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Saturday, June 22
The Indiana Daily Student


COLUMN: On the clock: How I love being a woman


How does that song go again? “...the best thing about being a woman, is the prerogative to be inextricably bound to capitalism and the never ending dissatisfaction with oneself that comes with it!” Or something like that. 

To my loyal “On the clock” readers, never fear. I have been scrolling through TikTok for hours on end the entire time this column has been on pause. The latest offenders? Yet another avalanche of advertisements disguised as embodiments of ideal femininity.  

I’ve seen a slew of videos using sounds like, “How I love being a woman,” from the show “Anne with an E” and the lyrics from “Man! I feel Like a Woman” to showcase the various material items — without forgetting the link to an Amazon storefront — that characterize femininity, or perhaps, the best parts of being a woman.  

I feel little connection to a girl who defines her femininity with owning a Louis Vuitton blanket and pink Porsche or stuffed Sephora bags, but I simultaneously feel an innate understanding of the way we as women are uniquely subject to materialistic pressures. 

We have long been the primary spenders compared to men due to various social structures and expectation, and advertising continues to aggressively target women for that very reason. I feel discouraged watching video after video displaying massive levels of consumption or restructured advertisements of beauty products, self-care tools and various other items that promise to incrementally transform us into better women.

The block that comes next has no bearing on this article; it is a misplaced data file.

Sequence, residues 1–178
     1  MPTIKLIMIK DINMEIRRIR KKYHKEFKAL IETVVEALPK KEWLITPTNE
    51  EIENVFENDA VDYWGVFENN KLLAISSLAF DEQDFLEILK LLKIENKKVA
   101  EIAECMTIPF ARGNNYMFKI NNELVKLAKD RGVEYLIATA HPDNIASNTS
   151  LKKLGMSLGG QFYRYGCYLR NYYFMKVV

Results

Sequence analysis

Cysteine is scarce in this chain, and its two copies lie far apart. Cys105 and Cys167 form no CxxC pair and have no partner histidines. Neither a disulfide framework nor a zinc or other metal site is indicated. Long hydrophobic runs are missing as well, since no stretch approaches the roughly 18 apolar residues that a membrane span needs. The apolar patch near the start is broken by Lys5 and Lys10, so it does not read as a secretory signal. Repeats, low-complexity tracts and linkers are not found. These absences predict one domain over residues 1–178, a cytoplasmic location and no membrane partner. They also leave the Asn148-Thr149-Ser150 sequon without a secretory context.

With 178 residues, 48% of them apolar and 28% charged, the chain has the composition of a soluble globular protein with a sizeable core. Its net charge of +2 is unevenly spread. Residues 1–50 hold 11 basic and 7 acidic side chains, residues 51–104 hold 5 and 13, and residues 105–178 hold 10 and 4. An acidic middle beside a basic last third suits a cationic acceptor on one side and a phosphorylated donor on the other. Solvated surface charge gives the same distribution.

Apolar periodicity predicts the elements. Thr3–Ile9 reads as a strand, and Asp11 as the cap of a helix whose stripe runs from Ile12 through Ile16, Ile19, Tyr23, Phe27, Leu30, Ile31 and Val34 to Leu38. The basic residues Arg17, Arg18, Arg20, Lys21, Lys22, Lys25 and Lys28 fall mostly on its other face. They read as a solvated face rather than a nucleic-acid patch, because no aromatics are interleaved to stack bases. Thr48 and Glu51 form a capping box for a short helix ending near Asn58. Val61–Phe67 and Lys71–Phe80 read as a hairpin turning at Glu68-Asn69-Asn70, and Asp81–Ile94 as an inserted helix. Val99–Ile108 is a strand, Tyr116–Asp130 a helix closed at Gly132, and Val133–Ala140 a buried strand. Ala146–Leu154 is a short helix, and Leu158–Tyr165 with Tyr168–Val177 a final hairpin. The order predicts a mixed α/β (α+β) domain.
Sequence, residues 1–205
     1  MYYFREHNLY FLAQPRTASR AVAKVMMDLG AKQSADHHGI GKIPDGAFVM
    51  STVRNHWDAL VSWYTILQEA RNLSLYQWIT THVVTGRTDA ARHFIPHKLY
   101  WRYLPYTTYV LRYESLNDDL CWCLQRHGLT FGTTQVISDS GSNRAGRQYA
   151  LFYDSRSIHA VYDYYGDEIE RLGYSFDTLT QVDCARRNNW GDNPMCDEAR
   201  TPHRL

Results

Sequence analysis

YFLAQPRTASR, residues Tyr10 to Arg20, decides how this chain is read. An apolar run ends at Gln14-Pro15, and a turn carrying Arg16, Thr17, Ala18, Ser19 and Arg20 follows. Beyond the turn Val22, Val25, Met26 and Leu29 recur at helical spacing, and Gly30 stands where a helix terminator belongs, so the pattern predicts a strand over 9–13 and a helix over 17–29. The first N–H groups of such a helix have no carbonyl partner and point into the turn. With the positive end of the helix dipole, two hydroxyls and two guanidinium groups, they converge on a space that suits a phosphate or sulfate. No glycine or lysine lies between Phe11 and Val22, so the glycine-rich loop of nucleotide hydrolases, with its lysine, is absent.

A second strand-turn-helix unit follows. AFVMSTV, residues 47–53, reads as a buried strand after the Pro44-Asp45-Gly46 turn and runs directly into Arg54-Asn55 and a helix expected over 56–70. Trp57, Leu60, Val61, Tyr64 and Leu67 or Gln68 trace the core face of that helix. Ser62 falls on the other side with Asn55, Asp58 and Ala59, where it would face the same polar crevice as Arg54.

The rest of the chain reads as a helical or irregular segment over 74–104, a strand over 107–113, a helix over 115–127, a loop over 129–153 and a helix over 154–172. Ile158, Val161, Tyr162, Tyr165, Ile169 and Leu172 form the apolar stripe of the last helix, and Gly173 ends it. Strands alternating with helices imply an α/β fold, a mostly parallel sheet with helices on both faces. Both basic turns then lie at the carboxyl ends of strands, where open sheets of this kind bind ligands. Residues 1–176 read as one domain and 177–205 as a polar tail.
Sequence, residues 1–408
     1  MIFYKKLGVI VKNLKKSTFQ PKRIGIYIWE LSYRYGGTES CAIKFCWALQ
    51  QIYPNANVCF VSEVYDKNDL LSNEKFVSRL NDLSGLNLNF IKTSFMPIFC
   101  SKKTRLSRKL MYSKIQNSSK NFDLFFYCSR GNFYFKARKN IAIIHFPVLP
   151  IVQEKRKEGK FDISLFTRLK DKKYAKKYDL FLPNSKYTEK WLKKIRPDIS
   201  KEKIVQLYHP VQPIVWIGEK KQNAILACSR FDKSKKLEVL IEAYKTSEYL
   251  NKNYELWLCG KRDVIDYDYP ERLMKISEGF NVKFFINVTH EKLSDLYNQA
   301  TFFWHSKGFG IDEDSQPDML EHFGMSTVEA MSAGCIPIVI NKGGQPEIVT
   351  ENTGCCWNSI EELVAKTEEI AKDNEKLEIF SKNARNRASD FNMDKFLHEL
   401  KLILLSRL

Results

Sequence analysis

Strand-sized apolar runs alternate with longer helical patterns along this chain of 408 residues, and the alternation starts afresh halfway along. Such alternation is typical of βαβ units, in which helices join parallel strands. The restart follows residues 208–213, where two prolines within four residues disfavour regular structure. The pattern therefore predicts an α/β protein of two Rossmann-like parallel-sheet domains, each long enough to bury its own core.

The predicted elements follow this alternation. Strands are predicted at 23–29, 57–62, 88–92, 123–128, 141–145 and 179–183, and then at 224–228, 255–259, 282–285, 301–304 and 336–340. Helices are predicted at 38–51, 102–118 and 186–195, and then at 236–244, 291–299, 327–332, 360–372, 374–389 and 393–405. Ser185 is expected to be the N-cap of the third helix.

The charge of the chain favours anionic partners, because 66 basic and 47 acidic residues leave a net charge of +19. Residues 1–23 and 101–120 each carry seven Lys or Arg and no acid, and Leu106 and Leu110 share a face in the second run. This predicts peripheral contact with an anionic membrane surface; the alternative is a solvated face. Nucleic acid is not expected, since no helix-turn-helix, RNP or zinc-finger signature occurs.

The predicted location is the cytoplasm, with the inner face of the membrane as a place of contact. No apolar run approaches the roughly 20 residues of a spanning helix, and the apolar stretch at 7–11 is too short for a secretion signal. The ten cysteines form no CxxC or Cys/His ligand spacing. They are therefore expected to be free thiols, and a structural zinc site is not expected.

When our ability and willingness to consume and flaunt material items is so bound to our identity as women, it feels like there is little wiggle room to define gender expression beyond the things we own.  

[Related: OPINION: In defense of the evil girl boss]

Yet, it is not the pressure I feel to achieve constant self improvement and manicure myself to perfection that really makes me a woman. I can be a woman just by existing. No one, not even TikTok influencers, can change that. I can cherish my womanhood through experiences that cannot be bought and sold. 

I get to bask in the joy of my stomach hurting from laughing with my friends about their interaction with their class crush, or sharing knowing looks from across the room or otherwise appreciating the little considerate things women do for each other and the natural understanding we have between us.  

I have the freedom to appreciate beauty beyond things I can buy. Womanhood has the potential to transcend consumption entirely, but in existing within a capitalist, patriarchal society, it is anything but easy. 

Sure, my femininity may never be entirely separate from the plagues of patriarchy and capitalism — passing subconscious harsher judgments to women than men, viewing traditionally feminine displays as weak and less worthy, doubting the validity of my experiences or feeling insufficient without buying a new product. 

What I want to define my womanhood as is solidarity with and recognition of my fellow women — whether transgender, Black, queer or otherwise further marginalized. I want to celebrate our power in numbers, our acknowledgement of each other’s struggles and triumphs and what our identity can be outside of consumption. 

[Related: OPINION: Bloomington — not just a Big Ten extravaganza]

Who knows, though. Glazed Donut shave oil might be the best thing about being a woman, or maybe it really is just the prerogative to have a little fun. 

Leila Faraday (she/her) is a sophomore studying policy analysis with minors in geography and urban planning. 

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